The only credible way to seriously address the debt crisis is through spending cuts, not tax increases, says the International Monetary Fund (IMF).
In a recent study, the IMF writes, “the tax burden is already high in several advanced economies, which means that a large part of the adjustment will have to take place on the spending side” in order to achieve debt sustainability. And as noted by the American Enterprise Institute’s Kevin Hassett, based on that study, the most successful fiscal consolidations consisted of at least two-thirds spending cuts.
As Hassett writes, “A series of influential papers by Harvard University economist Alberto Alesina and various co-authors found decisive evidence that successful consolidations rely almost exclusively on spending reductions, while unsuccessful consolidations seek to close 50 percent or more of the gap with tax increases.”
This should be headline news, but it is not. The IMF study puts the lie to the half-measures of the Obama deficit commission, which depends on rosy economic growth and tax restructuring largely to get the budget under control. It also discredits the minimalist policies proposed by House Republicans in the Pledge to America — which only specifically mentions reducing discretionary spending by $100 billion.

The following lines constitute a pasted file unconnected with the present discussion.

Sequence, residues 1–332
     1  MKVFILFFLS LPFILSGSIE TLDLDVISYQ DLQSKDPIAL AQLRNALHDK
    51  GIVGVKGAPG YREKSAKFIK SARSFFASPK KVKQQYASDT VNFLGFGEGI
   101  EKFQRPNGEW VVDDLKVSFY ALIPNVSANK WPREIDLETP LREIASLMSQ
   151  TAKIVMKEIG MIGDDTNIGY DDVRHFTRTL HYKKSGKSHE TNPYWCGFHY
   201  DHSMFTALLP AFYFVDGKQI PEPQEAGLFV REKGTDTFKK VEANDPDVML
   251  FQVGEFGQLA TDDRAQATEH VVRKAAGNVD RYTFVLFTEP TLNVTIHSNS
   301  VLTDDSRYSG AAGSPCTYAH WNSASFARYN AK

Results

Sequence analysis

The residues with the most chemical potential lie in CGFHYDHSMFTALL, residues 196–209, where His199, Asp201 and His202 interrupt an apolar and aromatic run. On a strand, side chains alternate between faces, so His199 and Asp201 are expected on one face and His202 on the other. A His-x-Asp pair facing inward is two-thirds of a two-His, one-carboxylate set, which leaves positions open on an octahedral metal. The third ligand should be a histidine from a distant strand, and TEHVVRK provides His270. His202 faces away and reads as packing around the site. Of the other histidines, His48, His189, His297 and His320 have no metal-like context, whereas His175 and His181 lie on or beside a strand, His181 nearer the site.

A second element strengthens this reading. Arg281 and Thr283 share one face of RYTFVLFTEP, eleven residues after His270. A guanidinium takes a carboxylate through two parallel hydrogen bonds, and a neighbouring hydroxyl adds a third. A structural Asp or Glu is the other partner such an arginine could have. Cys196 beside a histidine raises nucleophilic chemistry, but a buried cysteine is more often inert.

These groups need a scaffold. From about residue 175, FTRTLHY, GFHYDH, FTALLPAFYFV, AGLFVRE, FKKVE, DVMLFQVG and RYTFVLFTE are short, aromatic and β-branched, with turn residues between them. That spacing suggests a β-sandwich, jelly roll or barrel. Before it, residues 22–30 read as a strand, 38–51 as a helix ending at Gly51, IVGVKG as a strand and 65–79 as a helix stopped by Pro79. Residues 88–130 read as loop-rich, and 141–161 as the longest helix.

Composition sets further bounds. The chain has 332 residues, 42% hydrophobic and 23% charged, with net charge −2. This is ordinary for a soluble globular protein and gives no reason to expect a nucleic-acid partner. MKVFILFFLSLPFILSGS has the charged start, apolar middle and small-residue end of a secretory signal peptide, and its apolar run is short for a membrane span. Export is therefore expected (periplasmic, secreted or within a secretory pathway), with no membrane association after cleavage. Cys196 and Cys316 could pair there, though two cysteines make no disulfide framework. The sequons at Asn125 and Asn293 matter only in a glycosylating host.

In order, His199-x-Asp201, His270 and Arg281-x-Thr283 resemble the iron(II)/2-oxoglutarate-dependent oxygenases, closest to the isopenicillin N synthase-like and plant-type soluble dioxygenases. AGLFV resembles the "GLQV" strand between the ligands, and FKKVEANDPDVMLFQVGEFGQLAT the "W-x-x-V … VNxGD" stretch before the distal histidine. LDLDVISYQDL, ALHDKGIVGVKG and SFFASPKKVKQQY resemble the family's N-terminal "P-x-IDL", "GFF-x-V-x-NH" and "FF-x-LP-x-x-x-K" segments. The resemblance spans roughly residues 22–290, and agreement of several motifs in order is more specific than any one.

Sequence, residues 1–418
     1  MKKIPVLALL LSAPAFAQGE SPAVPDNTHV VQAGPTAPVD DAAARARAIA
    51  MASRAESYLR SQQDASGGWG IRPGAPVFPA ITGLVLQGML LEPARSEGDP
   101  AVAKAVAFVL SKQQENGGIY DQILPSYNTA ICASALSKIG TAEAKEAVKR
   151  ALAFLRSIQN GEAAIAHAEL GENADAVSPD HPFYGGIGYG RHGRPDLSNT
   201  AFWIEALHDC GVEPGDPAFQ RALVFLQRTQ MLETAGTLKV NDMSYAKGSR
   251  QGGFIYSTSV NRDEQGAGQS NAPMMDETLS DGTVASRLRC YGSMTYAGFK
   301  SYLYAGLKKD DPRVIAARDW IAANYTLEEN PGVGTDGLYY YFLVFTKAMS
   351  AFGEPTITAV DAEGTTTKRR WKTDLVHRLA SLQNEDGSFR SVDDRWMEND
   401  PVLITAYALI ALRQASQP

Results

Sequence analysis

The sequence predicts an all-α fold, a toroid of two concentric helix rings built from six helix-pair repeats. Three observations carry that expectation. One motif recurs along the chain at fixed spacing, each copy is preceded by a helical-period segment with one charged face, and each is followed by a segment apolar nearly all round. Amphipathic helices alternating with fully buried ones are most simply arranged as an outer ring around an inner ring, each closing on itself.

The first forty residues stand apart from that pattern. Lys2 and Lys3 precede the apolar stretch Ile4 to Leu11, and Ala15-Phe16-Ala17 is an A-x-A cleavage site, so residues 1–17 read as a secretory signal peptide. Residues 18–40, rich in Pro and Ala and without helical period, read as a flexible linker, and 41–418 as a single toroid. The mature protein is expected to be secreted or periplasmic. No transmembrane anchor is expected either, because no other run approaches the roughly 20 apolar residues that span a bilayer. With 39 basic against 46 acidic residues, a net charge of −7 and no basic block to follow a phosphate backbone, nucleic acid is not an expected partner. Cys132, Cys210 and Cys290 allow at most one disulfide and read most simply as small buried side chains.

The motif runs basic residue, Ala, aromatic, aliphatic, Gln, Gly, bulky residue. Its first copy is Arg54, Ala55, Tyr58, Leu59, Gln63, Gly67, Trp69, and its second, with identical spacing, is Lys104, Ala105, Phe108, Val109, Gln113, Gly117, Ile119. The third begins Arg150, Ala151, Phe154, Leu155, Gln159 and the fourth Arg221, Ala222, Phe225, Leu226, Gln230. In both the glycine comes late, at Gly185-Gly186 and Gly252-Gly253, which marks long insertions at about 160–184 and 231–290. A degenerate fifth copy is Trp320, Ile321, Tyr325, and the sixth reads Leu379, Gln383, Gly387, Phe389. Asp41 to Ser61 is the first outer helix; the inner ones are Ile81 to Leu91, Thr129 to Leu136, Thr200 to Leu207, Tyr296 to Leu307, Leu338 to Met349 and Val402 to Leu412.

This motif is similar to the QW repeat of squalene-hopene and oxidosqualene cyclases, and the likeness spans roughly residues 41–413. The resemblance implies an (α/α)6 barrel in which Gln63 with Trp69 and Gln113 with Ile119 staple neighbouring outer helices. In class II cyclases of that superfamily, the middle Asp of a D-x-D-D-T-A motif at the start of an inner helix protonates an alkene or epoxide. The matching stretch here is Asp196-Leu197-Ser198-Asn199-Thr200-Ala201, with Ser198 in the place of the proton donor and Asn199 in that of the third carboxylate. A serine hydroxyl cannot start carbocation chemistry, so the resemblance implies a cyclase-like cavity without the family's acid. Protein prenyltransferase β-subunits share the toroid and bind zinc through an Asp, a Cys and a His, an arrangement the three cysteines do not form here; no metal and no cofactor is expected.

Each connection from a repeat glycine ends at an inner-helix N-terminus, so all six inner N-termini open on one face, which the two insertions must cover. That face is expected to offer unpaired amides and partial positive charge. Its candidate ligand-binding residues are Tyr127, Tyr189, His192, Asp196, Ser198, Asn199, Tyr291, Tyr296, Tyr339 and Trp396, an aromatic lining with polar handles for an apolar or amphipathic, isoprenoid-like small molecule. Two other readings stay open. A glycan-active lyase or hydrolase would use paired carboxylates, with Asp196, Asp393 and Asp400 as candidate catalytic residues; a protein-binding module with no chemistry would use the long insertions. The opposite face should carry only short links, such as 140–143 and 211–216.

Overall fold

While Republicans do deserve credit for highlighting the unsustainable spending in Washington — it helped them reclaim the House in November — part of the problem with the insufficient proposals thus far comes from not properly stating what the insolvency crisis faced by the United States actually is.
If Congress does not act to balance the budget and begin reducing the $13.8 trillion debt immediately, next year the Federal Reserve will become the number one holder of U.S. debt. Making matters worse, the debt will soar past 100 percent of the Gross Domestic Product in just a few short years. By 2018, if not sooner, our Triple-A credit rating will likely be downgraded by Moody’s, as noted by Investor’s Business Daily.
William Wilson is the President of Americans for Limited Government. He has spent his career working in political strategy and public affairs for various causes and organizations.
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